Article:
In this week’s Tuesday 2¢ I ponder what we really need to know about our audience and consumers in order to improve our usefulness and relevance to them and their customer experience.
United Continental airlines recently made a small fuss out of adding an additional value in its drop down fields. You can now describe yourself as gender neutral – as an “Mx”.
I agree this is a progressive step, a topic we need to address as a society and any movement in this direction is positive. If I’m cynical it’s certainly wonderful PR to align with the zeitgeist. But, in either case, when I read this announcement, I wondered why it really matters.
Why does an airline need to put us in a sub group managed by a drop-down value, why do they need to know if you are a Mr, Mrs, Ms, Mx?
I don’t mean this as a political statement, I mean from a practical perspective of how is the marketing and the service is going to change through classifying an audience in this way.
Sure, I understand there is a level of politeness in the way we are addressed, depending on the culture we live and our customs. So, let’s be generous and suggest United need this information as they want to personalize their flying experience and welcome a gender-neutral passenger onto an airplane.
I kinda doubt it’s the motivation, as how many of their customers get addressed as Mr/Mrs/Mss/Dr now (and how do you pronounce Mx?), I suspect they ask for a title simply because they always have.
What we call each other is a bigger question for society, along with the pronouns we use, but if providing a personalized version of their service is the objective of knowing someone’s title, wouldn’t it be simpler just to ask people want they want to be called?
I don’t need to be called “Mr Truscott”, if I was sat on a Lufthansa plane (my second home for the last two years as I commuted to Germany) I’d probably be delighted if they called me “Ian”, if I was allowed to express a preference.
Maybe it’s for security reasons and the integration into the passport and security systems of the world, presuming, of course that they have all universally adopted “Mx”? I don’t think so, the Dutch have sort of done this with their passports, but that’s about your sex (M/F/X) not about a salutation.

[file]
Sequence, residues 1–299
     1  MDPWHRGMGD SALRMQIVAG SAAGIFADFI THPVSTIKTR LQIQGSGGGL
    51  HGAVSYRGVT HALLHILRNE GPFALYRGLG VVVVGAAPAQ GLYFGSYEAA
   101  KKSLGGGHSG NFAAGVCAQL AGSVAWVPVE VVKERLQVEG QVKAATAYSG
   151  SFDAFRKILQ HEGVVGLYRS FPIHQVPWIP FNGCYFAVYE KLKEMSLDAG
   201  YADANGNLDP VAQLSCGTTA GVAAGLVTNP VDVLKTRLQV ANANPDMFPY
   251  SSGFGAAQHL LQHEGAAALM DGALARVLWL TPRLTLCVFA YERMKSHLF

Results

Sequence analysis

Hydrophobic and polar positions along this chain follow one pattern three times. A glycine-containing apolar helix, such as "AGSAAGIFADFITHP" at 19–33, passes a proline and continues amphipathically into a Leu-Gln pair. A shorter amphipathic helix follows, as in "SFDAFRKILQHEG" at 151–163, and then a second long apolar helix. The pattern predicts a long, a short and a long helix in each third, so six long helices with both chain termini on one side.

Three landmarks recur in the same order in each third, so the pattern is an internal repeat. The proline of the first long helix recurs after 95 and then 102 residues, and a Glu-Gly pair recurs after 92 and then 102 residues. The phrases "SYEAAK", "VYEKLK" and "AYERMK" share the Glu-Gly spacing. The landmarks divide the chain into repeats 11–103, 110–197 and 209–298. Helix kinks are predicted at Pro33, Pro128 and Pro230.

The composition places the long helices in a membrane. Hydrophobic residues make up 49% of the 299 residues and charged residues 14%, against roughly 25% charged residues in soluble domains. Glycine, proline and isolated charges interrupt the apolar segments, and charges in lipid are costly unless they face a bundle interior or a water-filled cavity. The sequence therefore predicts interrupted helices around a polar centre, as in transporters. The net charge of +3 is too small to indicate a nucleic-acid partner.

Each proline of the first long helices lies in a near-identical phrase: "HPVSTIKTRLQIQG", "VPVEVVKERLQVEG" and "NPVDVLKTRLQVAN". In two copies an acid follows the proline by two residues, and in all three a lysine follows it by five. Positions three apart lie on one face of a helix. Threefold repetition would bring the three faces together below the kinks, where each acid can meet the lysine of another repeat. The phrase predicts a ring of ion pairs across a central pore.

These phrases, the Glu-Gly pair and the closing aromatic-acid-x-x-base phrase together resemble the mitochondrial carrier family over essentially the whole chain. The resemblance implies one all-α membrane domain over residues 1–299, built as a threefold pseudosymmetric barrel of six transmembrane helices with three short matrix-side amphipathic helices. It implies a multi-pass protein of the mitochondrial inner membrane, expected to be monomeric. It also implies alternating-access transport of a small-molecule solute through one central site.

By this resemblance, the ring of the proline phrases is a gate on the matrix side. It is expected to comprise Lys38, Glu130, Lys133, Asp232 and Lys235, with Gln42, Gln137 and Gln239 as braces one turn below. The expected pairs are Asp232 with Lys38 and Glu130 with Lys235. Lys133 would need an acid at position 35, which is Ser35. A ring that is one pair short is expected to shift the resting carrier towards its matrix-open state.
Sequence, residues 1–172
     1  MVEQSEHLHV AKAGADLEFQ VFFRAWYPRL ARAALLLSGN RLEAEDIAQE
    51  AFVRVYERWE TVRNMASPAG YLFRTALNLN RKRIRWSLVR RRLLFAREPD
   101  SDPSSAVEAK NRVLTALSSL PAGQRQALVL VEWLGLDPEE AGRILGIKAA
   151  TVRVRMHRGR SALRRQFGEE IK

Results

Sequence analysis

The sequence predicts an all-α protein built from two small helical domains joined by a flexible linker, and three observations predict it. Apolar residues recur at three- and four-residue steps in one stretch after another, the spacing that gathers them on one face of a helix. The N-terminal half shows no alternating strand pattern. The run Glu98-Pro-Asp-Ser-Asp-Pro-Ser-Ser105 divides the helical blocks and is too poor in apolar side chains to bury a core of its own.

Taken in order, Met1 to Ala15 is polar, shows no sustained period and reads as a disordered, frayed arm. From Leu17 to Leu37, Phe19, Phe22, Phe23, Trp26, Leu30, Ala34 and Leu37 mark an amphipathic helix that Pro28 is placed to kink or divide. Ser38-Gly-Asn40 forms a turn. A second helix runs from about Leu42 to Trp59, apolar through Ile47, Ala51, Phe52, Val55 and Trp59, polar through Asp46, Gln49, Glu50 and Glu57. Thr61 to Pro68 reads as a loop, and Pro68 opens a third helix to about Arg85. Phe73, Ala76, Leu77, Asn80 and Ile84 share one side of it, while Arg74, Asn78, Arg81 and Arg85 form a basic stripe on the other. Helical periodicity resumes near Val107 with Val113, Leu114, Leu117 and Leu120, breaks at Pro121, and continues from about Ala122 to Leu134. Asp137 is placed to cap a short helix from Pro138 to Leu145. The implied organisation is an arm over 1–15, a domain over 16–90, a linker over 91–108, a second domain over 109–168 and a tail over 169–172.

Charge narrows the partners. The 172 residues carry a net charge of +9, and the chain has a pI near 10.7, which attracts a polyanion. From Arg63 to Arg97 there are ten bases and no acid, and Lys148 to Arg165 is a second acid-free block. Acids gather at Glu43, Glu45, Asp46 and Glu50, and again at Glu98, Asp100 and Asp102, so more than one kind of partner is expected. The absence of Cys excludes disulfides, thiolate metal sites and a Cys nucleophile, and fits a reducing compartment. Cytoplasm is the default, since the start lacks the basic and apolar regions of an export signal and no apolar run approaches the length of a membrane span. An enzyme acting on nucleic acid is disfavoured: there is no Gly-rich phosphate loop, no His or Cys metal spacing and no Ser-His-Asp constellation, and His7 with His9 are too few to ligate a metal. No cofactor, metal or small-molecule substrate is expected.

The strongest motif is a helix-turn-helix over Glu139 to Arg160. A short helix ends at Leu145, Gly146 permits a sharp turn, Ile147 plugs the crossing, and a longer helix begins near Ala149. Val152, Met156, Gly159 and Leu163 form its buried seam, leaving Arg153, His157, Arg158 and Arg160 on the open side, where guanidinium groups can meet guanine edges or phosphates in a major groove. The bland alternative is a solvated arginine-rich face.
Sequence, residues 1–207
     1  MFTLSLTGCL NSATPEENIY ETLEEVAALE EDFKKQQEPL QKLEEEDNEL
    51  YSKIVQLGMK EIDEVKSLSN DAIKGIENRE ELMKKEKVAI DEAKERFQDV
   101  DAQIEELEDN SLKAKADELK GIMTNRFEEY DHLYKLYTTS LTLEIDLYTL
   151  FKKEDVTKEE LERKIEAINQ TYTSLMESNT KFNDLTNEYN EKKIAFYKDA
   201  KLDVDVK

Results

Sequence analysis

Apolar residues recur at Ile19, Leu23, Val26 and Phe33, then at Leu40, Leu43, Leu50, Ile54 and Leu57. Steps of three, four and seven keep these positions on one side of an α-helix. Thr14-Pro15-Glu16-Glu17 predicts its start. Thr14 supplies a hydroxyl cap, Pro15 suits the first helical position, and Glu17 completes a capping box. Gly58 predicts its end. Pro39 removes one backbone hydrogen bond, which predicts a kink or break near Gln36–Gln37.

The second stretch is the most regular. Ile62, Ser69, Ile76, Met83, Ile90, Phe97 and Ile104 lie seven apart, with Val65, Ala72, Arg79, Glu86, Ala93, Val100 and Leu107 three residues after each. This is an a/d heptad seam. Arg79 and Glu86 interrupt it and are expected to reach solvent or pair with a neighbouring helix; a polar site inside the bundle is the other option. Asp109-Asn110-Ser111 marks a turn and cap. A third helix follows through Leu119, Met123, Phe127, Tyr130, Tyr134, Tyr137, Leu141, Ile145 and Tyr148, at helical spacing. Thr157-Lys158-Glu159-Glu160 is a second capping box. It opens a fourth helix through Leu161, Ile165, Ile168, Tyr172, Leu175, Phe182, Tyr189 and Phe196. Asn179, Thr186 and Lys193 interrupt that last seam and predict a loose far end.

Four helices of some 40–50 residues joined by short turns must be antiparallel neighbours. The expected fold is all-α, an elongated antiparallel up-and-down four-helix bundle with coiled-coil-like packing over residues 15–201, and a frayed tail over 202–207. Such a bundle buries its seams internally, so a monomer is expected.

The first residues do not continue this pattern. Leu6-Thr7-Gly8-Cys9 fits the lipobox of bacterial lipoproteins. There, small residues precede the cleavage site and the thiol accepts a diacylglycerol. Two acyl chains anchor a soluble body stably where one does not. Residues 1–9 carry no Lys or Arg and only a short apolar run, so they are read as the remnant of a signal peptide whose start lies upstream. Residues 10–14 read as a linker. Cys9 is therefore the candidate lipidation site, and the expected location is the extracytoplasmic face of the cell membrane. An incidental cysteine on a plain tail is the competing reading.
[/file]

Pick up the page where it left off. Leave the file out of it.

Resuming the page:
So… if there isn’t a practical reason to know this person likes the title of Mx, Mr, Ms, “Ian” or “Grand High Mufti” – what would I do with that information?
Is the customer experience going to change for someone that selects “Mx” rather than someone that wants to be called “Ian”? Is the seat, food or on-boarding process different? Are the consumers’ needs different? Do we behave differently when selecting a flight?
If we need the information, technically, it can’t be that hard to give us a drop down of suggestions and then have a free text field for people that have a different opinion
Yes, you’ll get a bunch of silly buggers that take the piss, wanting to be called Ninja, PassengerMcPassengerFace or Starfleet Captain, but why not? If that’s what they want the postman to see on their direct mail, then so be it.
It feels to me like an antiquated system with a form that that has always had a fixed set of values for title or salutation since the system munched away on punched cards and whirling magnetic tapes, and to solve this “problem” of societal change they add another value to a field that has existed for 50 years, rather than ask why or change anything.
Maybe this is relevant to United Airlines and their audience, I just haven’t figured it out, however reading this made me think about the data we collect as marketers. We need to focus on just the actionable data that we ask our consumers for and ask:
Why do we need to know this?
Does this help our marketing be more useful or relevant to them?
Will this change the service we provide to them?
If we can’t answer these questions, we shouldn’t ask.
Fancy more of this?
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CMO at Spotler Group, advisor at Storyblok and Orange Logic and founder of Rockstar CMO. Not a rock star, but I am a marketing strategist, content marketer, columnist, speaker, industry watcher, but most of all; creator of ART (Awareness, Revenue, and Trust) for the companies I work with.
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